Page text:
Dead leg pain for Mane
Liverpool's striker out as boss Klopp wins award
Liverpool striker Sadio Mane suffered a dead leg in his side’s 2-1 win at Chelsea, boss Jurgen Klopp confirmed.
The in-form frontman, who has scored six goals this season, hobbled off in the second half at Stamford Bridge on Sunday with the problem, which was two-fold.
“It was a knock on the bone, around the knee, and a dead leg - that’s an awful combination,” Klopp said.
“He tried everything but I think you saw, there was one counter situation when he really tried and I would say on a non-dead-leg day he will get that ball, but no chance.
“And then we say ‘Come on, now we have to do it’ and changed. That’s it.”
Goals from Trent Alexander-Arnold and Roberto Firmino earned Liverpool a 15th Premier League win on the bounce and restored their five-point lead over Manchester City.
Alexander-Arnold’s opener was superb as he fired a free-kick into the top corner from the edge of the area for his first goal since November last year.
“Hendo (Jordan Henderson) wanted it at first and then I think he thought it was a bit too close for him,” Alexander-Arnold told Sky Sports.
“I discussed with Mo (Salah) that I wanted it rolled to make the angle a little bit better and maybe confuse the goalkeeper a little bit, and I’ve been able to put it away.
“I thought it was too close to go over the wall, I didn’t know if the wall was going to jump so I couldn’t go under it, I had to go ‘keeper’s side.
“It was a good roll and I just tried to put it as hard as I can that side with a bit of placement.”
Chelsea put up a fight in the second half, scoring through N’Golo Kante’s fine individual strike, but just fell short.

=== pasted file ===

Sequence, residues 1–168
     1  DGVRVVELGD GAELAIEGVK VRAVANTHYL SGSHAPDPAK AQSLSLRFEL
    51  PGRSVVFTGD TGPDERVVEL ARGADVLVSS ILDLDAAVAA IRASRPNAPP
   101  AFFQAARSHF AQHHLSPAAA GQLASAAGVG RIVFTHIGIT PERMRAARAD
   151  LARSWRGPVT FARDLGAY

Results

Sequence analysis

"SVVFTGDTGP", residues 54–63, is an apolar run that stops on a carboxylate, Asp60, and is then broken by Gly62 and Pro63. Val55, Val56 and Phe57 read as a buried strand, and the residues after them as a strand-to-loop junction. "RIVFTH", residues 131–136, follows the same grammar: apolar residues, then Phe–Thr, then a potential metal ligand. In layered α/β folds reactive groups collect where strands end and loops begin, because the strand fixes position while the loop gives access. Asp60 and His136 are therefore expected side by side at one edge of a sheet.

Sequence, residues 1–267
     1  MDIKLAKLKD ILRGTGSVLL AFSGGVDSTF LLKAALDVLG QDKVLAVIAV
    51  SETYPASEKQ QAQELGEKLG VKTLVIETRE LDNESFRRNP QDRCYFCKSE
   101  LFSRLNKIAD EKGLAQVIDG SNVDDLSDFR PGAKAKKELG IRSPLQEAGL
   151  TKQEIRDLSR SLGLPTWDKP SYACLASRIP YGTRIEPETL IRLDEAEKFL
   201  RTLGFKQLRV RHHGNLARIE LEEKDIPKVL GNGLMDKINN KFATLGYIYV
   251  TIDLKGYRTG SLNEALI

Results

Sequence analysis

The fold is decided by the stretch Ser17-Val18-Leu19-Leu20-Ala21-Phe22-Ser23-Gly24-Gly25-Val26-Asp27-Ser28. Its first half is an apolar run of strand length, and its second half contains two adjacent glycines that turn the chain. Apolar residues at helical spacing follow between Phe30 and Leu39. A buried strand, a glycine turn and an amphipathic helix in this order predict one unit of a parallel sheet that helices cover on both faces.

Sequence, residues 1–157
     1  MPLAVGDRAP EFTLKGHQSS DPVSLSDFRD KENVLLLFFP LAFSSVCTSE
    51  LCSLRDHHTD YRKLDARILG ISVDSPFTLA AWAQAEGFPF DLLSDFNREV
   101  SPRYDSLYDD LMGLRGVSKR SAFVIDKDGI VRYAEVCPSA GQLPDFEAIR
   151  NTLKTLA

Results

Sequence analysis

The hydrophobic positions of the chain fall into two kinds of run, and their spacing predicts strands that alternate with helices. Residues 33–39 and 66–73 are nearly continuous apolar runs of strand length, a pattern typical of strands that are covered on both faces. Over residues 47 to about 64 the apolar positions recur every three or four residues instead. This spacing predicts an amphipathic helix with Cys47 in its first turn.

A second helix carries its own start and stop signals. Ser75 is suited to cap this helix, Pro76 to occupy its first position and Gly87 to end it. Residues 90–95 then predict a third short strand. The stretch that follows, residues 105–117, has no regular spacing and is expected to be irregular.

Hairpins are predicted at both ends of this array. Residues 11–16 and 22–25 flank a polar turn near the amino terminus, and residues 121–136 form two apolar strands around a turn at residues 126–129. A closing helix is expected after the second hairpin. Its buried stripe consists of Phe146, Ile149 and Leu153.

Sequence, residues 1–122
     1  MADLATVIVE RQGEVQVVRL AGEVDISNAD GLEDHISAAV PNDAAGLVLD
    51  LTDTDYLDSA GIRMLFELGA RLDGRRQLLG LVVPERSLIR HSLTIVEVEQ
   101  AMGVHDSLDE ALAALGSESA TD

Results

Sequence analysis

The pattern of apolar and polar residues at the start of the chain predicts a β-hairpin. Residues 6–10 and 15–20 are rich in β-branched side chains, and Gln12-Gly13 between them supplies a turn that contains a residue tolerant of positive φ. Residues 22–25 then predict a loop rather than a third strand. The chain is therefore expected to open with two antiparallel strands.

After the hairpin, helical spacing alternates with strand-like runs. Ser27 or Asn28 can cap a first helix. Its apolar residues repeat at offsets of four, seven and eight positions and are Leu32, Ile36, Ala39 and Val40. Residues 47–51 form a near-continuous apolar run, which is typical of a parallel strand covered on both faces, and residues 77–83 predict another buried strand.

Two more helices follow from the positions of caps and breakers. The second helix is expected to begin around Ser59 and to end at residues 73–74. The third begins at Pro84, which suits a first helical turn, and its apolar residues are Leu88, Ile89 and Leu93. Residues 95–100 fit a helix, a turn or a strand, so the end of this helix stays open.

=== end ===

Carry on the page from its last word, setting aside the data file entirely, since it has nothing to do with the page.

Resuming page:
Their chances were hampered by injuries to Emerson and Andreas Christensen in the first half, meaning two substitutions on defensive changes were used up early.
Meanwhile, Klopp has been named men’s coach of the year at the Best FIFA awards in Milan.
Klopp guided his side to Champions League glory last season, while the Reds narrowly missed out on the Premier League title, being pipped by Manchester City.
The German claimed the award ahead of Tottenham boss Mauricio Pochettino, whose team Liverpool defeated in the Champions League final, and City’s Pep Guardiola.
Klopp said at the ceremony at Milan’s Teatro all Scala: “Mauricio - we won that game, that’s why I’m here, not you. That’s how football is, but we all know what an incredible job you did, what an incredible job Pep did, what so many coaches out there did.
“I have to say thank you to my outstanding club, Liverpool FC, to the owners, I have to say they gave me an incredible team, and I have to thank my team, because as a coach you only can be as good as your team is.”
“I’m really proud of being the manager of such an incredible bunch of players.”
Klopp took the opportunity to reveal he had signed up to the Common Goal movement, in which members donate one per cent of their salary to a charity which funds organisations around the world that use football to tackle social issues.
He said: “I’m really proud and happy that I can announce that from today on I am a member of the Common Goal family.”
Having then received a round of applause, Klopp said: “A few people obviously know it - if not, Google it. It's a great thing.”